Hypothyroidism is one of the most frequent diseases and affects women most.
It is a thyroid dysfunction that slows down its activity and the production of the hormone thyroxine (T4) and triiodotironina (T3).
It is a disease that requires the intervention of a specialist, an endocrinologist, especially if it is autoimmune.
In fact, hypothyroidism underlies unwarranted swelling, cold sensation, dry skin, lowered heart rate and weight gain.
The slowing of the metabolism leads to weight gain in part due to the fact that, feeling more tired, you move less.
As previously written, it is necessary to be followed by a doctor, however even the diet can become a valuable ally for the thyroid.
First, it is important to learn to pay close attention to what you eat. Processed foods such as cream, butter and fried foods should be avoided, or at least limited.
In fact, our thyroid gland needs certain substances that are introduced with certain foods to function properly.
Salt enriched with iodine
Iodine is usually associated with the sea, the best way to introduce it into the body is by replacing the classic table salt.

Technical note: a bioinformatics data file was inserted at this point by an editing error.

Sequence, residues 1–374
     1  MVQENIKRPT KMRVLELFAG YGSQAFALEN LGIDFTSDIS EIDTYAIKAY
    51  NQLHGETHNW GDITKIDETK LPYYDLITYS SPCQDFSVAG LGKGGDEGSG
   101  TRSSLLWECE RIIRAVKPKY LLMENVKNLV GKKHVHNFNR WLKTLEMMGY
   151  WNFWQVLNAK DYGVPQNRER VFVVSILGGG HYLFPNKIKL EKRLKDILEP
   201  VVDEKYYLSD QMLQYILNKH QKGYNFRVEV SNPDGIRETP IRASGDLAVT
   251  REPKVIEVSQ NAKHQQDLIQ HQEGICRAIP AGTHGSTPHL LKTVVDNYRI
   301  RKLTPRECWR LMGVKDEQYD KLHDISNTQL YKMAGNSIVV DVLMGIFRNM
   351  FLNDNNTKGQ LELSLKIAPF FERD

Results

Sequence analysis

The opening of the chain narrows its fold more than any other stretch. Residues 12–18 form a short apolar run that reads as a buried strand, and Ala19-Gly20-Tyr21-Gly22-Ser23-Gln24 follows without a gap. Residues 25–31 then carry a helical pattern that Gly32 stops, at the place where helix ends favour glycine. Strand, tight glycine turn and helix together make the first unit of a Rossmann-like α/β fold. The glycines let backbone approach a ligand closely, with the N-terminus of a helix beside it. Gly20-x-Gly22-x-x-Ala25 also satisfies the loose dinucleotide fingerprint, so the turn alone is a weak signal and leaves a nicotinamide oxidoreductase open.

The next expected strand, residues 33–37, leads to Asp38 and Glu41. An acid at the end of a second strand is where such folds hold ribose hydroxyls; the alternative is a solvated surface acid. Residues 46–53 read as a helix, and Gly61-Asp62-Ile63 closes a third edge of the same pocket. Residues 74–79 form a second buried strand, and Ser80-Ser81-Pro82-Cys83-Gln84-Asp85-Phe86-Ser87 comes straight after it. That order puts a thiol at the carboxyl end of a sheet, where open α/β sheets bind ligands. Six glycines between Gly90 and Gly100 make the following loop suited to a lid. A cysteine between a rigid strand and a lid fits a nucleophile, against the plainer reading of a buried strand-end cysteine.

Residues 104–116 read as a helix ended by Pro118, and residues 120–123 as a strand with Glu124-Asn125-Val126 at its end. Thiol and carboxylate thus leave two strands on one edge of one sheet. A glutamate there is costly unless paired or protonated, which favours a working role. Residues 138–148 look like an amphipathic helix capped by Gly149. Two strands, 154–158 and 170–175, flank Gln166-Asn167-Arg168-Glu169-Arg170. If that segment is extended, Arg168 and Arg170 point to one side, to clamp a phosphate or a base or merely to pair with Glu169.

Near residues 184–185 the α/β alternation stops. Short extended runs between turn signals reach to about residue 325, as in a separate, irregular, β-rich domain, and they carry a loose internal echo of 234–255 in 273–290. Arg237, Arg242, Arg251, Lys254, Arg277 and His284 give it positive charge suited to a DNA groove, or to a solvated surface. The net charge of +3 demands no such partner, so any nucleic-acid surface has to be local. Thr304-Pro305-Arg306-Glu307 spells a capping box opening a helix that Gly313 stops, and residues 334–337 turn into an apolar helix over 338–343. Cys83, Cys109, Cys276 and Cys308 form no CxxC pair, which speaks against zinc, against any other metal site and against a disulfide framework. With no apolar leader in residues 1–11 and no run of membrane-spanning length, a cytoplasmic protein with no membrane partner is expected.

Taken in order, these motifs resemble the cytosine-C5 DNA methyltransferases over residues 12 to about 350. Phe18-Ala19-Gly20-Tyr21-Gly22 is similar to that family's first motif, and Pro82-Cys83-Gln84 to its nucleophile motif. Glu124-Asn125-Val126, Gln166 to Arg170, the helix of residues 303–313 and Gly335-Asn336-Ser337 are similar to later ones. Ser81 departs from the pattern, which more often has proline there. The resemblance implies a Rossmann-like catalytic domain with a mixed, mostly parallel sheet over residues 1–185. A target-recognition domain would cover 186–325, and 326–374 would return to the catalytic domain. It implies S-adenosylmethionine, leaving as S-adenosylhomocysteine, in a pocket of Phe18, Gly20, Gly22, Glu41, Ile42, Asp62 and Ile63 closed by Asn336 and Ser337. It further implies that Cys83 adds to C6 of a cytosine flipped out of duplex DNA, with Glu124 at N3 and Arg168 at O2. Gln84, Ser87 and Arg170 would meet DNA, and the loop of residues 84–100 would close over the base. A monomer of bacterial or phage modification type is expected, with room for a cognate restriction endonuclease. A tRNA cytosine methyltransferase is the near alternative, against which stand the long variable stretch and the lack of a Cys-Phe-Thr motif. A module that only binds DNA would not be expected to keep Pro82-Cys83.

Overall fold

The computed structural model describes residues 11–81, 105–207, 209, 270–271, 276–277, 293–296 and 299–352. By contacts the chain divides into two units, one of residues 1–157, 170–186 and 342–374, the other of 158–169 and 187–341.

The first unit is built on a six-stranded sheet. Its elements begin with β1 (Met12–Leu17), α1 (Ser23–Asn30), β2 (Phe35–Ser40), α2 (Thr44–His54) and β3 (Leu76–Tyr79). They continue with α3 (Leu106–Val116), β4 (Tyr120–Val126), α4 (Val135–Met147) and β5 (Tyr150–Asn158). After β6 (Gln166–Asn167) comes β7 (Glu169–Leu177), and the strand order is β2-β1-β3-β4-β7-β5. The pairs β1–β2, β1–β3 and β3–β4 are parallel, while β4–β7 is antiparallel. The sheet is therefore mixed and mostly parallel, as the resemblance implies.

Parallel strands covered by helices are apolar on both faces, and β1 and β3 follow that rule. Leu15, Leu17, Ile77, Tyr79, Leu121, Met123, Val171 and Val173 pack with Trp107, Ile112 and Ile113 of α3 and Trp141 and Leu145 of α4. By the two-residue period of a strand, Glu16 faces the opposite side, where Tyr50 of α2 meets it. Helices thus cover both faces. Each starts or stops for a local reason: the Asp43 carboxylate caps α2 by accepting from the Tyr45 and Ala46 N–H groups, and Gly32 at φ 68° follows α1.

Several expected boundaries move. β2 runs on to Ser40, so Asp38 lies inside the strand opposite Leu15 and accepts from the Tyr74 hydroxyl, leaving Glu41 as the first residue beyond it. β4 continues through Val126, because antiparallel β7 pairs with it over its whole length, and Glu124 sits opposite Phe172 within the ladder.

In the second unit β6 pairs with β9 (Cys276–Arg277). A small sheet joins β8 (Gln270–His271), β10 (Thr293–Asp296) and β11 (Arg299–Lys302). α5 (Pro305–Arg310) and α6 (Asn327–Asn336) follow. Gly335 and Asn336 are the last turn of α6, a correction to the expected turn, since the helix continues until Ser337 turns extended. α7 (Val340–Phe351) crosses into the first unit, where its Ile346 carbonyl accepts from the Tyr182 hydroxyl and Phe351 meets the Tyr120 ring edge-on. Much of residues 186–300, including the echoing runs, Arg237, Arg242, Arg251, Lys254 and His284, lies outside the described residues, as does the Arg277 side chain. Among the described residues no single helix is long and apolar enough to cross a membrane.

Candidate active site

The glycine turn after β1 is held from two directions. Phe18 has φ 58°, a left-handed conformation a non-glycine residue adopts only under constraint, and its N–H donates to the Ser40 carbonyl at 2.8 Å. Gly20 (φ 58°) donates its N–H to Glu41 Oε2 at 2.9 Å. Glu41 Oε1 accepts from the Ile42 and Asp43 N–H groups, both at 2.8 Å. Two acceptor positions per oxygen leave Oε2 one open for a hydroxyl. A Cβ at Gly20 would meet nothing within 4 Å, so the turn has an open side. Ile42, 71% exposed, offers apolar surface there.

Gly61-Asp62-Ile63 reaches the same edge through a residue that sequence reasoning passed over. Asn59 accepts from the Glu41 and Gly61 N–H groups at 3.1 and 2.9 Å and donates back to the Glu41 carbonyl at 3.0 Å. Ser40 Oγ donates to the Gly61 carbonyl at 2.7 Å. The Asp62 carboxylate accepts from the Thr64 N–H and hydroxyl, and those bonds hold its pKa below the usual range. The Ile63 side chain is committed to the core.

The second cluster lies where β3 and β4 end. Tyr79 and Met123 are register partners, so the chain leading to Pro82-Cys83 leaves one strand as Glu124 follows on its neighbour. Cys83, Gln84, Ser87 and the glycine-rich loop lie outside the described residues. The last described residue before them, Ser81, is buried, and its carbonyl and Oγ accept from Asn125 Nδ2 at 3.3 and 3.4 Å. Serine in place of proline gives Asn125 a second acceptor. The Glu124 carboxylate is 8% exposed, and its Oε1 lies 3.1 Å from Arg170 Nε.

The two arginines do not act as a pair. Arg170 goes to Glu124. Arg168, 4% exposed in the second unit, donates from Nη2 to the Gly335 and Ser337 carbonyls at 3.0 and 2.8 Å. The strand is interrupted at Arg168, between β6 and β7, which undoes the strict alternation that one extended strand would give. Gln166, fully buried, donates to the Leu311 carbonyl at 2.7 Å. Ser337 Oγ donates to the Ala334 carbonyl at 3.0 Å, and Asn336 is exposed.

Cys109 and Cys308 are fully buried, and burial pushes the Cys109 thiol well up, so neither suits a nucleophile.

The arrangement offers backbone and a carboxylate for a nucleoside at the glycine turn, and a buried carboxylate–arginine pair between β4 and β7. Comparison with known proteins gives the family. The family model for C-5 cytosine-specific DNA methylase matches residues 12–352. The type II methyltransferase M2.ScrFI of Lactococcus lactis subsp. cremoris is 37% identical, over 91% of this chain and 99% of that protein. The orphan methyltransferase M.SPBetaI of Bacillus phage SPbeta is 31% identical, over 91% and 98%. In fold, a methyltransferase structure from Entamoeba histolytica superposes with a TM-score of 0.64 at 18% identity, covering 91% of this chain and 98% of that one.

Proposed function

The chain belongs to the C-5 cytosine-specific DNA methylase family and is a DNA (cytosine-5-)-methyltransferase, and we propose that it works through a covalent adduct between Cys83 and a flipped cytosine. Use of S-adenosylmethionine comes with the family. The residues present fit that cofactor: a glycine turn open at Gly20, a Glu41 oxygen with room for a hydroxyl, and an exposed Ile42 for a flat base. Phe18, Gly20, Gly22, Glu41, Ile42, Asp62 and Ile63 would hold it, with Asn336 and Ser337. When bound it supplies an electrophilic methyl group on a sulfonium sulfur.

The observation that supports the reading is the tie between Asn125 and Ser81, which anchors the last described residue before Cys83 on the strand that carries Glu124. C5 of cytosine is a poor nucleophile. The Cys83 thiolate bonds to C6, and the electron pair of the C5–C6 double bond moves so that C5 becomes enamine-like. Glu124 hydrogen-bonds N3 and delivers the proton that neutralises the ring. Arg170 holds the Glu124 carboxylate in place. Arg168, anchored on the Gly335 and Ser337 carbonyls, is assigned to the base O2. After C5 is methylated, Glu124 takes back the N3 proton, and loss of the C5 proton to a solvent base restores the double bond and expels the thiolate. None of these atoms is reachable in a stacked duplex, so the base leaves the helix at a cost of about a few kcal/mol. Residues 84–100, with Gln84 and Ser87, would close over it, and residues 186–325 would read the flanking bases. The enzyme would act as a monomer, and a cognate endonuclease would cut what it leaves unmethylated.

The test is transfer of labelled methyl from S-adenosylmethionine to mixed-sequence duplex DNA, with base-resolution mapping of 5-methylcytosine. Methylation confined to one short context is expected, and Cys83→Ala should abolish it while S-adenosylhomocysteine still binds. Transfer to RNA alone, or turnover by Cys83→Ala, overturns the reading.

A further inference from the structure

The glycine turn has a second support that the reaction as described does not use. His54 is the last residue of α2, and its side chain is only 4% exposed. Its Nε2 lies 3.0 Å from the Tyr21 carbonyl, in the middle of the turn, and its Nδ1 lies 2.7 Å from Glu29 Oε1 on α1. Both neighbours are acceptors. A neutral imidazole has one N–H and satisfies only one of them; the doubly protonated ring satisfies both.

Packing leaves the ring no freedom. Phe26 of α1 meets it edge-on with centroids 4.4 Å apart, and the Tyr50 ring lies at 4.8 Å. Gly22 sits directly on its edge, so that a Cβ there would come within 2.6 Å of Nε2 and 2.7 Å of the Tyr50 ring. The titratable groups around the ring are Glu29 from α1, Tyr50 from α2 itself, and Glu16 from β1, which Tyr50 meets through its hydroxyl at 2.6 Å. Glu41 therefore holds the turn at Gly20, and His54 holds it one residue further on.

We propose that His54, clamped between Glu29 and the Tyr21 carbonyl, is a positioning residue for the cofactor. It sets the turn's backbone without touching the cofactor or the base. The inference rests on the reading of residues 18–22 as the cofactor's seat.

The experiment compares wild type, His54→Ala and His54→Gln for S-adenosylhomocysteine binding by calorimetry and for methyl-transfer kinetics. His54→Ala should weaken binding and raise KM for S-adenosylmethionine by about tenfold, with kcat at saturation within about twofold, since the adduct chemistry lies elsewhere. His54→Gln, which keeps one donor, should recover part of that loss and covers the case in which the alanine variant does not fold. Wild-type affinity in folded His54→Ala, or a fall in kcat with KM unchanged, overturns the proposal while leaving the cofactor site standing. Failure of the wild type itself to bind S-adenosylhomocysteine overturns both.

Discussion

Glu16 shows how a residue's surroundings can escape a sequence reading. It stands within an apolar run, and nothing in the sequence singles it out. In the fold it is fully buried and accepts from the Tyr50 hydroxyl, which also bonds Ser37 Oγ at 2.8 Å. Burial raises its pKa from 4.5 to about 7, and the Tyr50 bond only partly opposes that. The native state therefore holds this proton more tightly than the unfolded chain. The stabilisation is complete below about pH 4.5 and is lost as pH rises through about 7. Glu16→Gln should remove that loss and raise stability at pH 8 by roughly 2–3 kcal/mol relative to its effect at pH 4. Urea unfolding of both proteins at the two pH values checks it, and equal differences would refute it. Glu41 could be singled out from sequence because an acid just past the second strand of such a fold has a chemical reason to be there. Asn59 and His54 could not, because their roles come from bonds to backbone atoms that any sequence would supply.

In fact, it will be enough to replace this salt with the iodized one, always trying not to exceed the daily dose of five grams of salt.
This dose will include all foods with a high concentration of salt that are consumed throughout the day.
It is advisable to warn your doctor before increasing your iodine intake. In fact, this can also make appropriate assessments through blood tests.
To increase iodine intake, it will be sufficient to bring fish to the table more frequently. This food, especially blue fish such as cod, hake, anchovies and mackerel, contain a good amount of iodine and Omega-3.
All elements with a high anti-inflammatory power.
Among the essential minerals in the fight against hypothyroidism we find selenium and zinc.
Selenium is found in fish but also in liver and whole grains.
Zinc, on the other hand, is found in chicken and pork, legumes and dairy products.
We throw them away without knowing that these seeds are precious allies of cholesterol and thyroid
Pumpkin seeds are one of the richest foods in zinc, although many throw them away by cleaning the pumpkin.
It is a food rich in important elements such as fiber, Omega-3, cucurbit and tryptophan.
Very useful for fighting cholesterol, stress and insomnia, they can be eaten in different ways.
Some prefer to toast them while others eat them plain.
The recommended daily dose should never exceed ten grams to avoid intestinal problems or, more simply, of the line.
So, we understand why we throw them away without knowing that these seeds are valuable allies of cholesterol and thyroid.
To discover other foods capable of speeding up the metabolism this is recommended reading.
(We remind you to carefully read the warnings regarding this article, which can be consulted who”)